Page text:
Table 1: Hyaluronic Acid Injections by WebMD
Table 1: Hyaluronic Acid Injections by WebMD

Side effects of these injections include those that are typical for injections, such as pain, swelling, skin irritation, and tenderness, but typically, these side effects are mild and do not last long. Sometimes, the prescribed treatment route moves to hyaluronic acid injections--which are only approved for use in the knee--when corticosteroid injections don’t work.

Here at Canada Pharmacy Online, we stock a variety of arthritis and anti-inflammatory medications, and we also offer a variety of viscosupplement injections to erase joint pain and help the knee move with more fluidity.

Specific viscosupplement injections for joint pain include Euflexxa (currently unavailable), Hyalgan, Orthovisc, Monovisc, Synvisc and Synvisc One, and Supartz. We stock all of these save for the last one--just click the links on each to be taken to our product page. In fact, viscosupplement injections for osteoarthritis are among our top sellers.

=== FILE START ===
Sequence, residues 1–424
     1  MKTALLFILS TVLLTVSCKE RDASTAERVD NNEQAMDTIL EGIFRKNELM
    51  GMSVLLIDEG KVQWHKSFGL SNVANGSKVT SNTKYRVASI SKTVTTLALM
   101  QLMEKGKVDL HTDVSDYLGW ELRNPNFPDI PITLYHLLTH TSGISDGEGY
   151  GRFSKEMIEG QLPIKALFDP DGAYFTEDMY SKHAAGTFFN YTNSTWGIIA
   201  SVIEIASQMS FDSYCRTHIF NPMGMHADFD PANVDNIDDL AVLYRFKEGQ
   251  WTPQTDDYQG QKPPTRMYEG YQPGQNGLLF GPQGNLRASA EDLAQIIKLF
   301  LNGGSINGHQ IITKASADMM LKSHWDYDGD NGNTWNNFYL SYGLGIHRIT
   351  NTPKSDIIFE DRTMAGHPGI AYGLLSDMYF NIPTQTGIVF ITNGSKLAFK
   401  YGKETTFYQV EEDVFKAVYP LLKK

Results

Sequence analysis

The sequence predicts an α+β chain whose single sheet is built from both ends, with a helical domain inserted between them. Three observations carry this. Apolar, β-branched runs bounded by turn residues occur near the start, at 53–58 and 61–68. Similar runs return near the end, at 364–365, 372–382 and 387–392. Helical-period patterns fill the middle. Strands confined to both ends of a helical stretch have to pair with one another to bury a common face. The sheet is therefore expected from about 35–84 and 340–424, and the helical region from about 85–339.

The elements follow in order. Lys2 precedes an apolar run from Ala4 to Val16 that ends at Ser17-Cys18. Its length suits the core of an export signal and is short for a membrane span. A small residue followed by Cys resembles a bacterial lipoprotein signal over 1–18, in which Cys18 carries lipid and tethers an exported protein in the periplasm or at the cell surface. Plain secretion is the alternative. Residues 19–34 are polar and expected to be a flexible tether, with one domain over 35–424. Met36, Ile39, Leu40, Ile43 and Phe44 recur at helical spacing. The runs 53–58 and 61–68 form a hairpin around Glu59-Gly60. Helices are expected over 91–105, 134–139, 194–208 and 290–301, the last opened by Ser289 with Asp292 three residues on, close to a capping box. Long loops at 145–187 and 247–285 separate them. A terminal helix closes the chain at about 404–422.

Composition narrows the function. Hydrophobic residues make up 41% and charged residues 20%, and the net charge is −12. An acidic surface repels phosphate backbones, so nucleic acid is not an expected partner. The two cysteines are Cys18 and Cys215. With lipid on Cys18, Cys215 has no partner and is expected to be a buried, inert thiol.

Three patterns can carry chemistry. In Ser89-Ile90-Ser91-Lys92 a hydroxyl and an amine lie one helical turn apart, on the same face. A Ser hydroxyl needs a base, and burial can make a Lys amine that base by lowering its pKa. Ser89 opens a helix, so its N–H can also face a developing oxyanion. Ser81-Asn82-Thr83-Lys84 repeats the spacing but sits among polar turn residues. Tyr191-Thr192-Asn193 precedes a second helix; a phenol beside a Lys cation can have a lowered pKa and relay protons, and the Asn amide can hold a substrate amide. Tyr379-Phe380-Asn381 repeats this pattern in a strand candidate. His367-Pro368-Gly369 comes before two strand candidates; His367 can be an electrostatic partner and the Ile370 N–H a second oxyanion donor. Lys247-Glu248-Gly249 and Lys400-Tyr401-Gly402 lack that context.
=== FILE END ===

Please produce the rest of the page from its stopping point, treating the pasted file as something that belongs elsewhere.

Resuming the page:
Check out the table below for a side-by-side comparison and contrasting of the viscosupplement injections we carry. You can review the prices and dosages of each to better make an informed decision with your doctor.

Table 2: Osteoarthritis Meds Available at
Table 2: Osteoarthritis Meds Available at

Most of these are injections of sodium hyaluronate, which is a substance that occurs naturally in the body. There are side effects and potential risks for each, as with any medication, so make sure to discuss these courses of treatment in depth with your doctor before you take the first injection.

If you have a valid prescription for viscosupplement injections, you can order from our fully licensed Canadian pharmacy to experience better prices and more convenient delivery of the prescriptions you need. We carry a wide variety of prescriptions to help treat osteoarthritis and we ship worldwide. We are standing by to assist you with your order--feel free to buy now and give us a call if you have any questions.